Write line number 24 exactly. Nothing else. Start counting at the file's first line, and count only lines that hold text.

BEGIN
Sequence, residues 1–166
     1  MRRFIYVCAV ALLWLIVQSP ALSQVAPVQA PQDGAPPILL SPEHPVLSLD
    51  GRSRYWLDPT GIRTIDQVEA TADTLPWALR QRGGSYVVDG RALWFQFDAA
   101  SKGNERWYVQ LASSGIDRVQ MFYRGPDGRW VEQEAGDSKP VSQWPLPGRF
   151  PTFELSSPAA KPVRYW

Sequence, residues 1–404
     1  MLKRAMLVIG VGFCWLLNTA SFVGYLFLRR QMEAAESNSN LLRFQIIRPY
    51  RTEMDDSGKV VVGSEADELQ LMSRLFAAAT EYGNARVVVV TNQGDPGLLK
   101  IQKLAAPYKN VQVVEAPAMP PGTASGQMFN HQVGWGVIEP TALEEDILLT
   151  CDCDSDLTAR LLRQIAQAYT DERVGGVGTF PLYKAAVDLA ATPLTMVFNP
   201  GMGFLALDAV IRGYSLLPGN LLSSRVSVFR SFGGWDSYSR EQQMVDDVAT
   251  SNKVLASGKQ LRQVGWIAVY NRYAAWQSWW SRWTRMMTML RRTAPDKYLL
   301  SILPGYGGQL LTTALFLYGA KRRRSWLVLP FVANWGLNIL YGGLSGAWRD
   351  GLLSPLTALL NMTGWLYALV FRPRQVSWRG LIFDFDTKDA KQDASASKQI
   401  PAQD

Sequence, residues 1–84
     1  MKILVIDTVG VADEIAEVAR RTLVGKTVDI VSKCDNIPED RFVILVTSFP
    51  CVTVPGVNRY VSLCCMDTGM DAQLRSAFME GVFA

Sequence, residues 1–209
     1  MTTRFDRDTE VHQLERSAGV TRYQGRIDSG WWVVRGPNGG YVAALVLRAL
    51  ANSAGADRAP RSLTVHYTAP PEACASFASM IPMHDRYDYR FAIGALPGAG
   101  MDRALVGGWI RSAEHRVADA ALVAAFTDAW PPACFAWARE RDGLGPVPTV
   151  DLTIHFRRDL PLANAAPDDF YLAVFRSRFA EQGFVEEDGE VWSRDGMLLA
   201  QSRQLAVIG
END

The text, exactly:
   201  QSRQLAVIG